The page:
As we grow further in our spiritual life we need to recognize that holiness is more than just about morning and evening prayer and avoiding wrongdoing. The way scripture talks about holiness, it also means actively pursuing that which is true, just, and good. Holiness and perfection are about the character we develop and the kind of persons we become.

As we are approaching Lenten reason in a couple days, let us allow God to touch us and make us holy. As we do so, let us be aware of the presence of God within us. And may our own sanctity lead us to share our holiness with others. May this Eucharist give us the grace to strive for holiness and perfection by breaking the cycle of hatred, revenge and whining. 

Fr. Dominic Toan Tran

 

The 2nd Reading seems insignificant, maybe even irrelevant: it is Paul’s greeting to the Church community of Corinth in his first letter to them (and all biblical scholars agree that this was one of the letters Paul definitively authored!).  Yet there is more significance than even that!  There are many similarities between Corinth and our country today.  

Ancient Corinth was considered one of the most advanced, diverse populations in the ancient world, but there were, understandably, great divisions as a result of the sharp differences such that some thought themselves superior to others.  Compounding everything was a cultural immorality which was comparable to Las Vegas’ main street.  Yet Paul saw their potential because of the things the Church community got right, and he believed this potential could be their springboard to fine-tuning, and thus enriching, our faith.  

Paul’s messages in this letter are more relevant than ever:  the reminder of initiation into God’s elect by baptism, the power of the Eucharist to keep the participation in Christ alive, the pre-eminence of love, the gift of the spirit offered to all (which reminds us that we are equally God’s children called to the same salvation), and the reality that true love destroys hierarchies of status are just some of the many timeless lessons contained—lessons we must remember so we do not get swept away from the darker influences of society (such as from much of the media) which frequently seek to tear us down.

Now, as then, the purpose of Paul’s letter is to encourage all to focus on the good and our God-given potential to be better!  No matter how far-off someone may seem, I believe that there is at least (& often more than) a grain of good in everyone—a good that is meant to develop into a greatness such that there is simply no more room for the bad!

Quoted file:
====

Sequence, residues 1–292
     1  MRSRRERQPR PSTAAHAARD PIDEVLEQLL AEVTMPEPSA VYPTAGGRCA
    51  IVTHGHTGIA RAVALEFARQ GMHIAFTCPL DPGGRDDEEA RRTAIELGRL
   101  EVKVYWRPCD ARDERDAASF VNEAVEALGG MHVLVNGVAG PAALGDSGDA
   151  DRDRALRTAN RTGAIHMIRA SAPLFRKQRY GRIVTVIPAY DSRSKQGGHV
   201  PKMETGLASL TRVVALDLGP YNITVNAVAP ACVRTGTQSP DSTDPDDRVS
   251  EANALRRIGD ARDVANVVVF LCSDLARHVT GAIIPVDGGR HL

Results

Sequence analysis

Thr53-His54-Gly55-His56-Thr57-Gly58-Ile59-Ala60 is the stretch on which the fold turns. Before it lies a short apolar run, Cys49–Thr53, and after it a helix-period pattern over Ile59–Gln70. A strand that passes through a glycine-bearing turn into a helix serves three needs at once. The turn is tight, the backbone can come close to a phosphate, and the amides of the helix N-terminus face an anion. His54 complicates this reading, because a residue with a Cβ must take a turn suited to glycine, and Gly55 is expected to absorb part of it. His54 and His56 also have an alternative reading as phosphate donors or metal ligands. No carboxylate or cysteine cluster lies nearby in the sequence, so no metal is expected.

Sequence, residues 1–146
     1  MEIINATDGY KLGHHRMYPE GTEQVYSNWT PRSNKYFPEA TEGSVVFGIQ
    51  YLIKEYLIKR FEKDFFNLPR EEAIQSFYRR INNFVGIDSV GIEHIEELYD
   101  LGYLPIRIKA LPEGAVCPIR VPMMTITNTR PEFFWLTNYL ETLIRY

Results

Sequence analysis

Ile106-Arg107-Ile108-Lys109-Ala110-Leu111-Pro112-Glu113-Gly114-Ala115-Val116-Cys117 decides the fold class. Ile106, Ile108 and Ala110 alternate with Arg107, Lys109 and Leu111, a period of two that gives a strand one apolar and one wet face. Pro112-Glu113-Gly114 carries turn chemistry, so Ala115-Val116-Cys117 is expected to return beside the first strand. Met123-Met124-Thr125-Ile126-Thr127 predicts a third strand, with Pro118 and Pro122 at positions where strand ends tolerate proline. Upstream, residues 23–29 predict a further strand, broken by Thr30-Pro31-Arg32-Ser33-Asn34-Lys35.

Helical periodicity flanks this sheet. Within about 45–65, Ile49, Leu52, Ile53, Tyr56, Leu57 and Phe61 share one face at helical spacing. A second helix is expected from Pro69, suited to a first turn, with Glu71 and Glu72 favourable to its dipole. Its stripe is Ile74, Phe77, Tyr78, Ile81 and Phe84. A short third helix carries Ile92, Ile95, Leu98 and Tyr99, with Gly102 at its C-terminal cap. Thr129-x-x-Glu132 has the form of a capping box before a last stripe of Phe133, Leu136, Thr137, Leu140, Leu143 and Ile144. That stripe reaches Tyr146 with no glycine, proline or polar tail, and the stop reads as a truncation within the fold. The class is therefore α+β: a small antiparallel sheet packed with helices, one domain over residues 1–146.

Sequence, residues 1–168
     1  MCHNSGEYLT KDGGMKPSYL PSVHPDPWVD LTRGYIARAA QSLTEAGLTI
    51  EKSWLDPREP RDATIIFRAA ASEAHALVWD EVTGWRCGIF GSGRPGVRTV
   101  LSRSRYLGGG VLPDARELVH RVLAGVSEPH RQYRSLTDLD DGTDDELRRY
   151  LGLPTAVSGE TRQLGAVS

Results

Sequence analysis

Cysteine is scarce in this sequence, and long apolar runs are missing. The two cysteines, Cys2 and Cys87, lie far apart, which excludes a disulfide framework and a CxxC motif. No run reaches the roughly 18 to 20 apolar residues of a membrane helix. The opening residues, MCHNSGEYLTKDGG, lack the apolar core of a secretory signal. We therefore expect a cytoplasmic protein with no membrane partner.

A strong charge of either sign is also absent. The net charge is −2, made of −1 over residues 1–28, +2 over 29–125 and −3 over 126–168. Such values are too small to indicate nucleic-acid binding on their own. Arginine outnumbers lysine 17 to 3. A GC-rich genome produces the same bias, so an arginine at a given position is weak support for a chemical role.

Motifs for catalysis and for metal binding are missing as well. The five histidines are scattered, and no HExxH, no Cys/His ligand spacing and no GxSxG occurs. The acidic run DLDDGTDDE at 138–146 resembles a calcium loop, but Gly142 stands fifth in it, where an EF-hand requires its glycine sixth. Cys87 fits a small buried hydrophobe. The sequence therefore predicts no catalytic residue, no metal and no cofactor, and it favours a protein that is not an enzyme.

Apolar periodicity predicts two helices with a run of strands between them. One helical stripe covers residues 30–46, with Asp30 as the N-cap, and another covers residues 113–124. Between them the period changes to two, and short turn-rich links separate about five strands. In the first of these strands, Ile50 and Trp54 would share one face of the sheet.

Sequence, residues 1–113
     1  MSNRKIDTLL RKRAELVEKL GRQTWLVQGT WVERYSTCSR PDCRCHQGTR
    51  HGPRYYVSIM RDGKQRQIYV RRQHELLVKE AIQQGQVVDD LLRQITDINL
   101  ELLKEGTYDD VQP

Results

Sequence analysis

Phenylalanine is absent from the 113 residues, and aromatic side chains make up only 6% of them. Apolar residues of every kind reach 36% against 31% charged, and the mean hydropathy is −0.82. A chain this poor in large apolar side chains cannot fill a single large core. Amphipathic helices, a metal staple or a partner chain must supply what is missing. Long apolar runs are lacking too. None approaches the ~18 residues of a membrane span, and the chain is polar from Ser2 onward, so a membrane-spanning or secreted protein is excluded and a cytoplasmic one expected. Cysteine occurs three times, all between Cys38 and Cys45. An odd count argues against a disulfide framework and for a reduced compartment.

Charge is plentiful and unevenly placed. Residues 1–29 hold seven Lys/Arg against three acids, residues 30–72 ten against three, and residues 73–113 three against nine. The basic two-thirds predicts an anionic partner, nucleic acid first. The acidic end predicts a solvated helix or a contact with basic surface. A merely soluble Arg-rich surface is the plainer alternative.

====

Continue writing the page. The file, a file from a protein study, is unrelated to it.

Fr. Martin Dunne III

 

5th Sunday Ordinary Time

The salt of the earth and the light of the world, these are what Jesus compares his followers with.  Salt was used as a preservative as well as flavoring in the time of Jesus. So Jesus is telling us to preserve the human condition and to flavor it with the graces that he sends us.  We are also to be the light to the world, reflecting the Holy Light of God that shines on His loved ones to share with the world the path out of the darkness of sin into the brilliance of the love of God.  So let us all do our jobs and be that salt and that light so we may share the love of God with all we meet!

Deacon Bill Watzek

 

We adore and worship Christ our light and our salvation!

We are making a retreat back to the Christmas season. February 2nd is the Feast of the Presentation of Lord in the Temple, and this year February 2nd happens to fall on a Sunday. So here we are once again back to the childhood of Jesus, when just last week we heard about the call of the disciples.

I would like to approach the Feast of the Presentation of Jesus in the temple as an extension of the feast of the Epiphany. The difference between the two feasts is that whereas at the Epiphany Jesus is manifested to the whole world, at his presentation in the temple, he is manifested to his own people. Simeon’s prophecy in today’s gospel foretells what Christ will accomplish for Israel as a nation. Simeon’s prophecies suggest that Jesus will be glory to the people Israel, and that he will be responsible for the rise and fall of many in Israel. Simeon also has a very different prophecy for Mary as opposed to what the angel has told her at the annunciation. He says to her, “and you yourself a sword will pierce so that the thoughts of many hearts may be revealed.” Anna, the prophetess also focuses on the internal ministry of Jesus. She “spoke about the child to all who were awaiting the redemption of Jerusalem.” 

So dear brothers and sisters, in today’s gospel reading Simeon and Anna prophesy that Jesus would be light and salvation for Israel. It is in this context that I also would like to talk about evangelization. Evangelization means that believers today can bring the light and the good news of salvation to those around us. The most important thing to understand about evangelization is that not something we do. Evangelization calls for our life, our families, and our parishes to have Christ at the center. When Christ is truly at the center of our life then evangelization becomes a byproduct of who we are rather than something we do. May this Eucharist, in which we adore and worship Christ our light and our salvation, help us individually and as a family, to become light and bearers of the good news of salvation.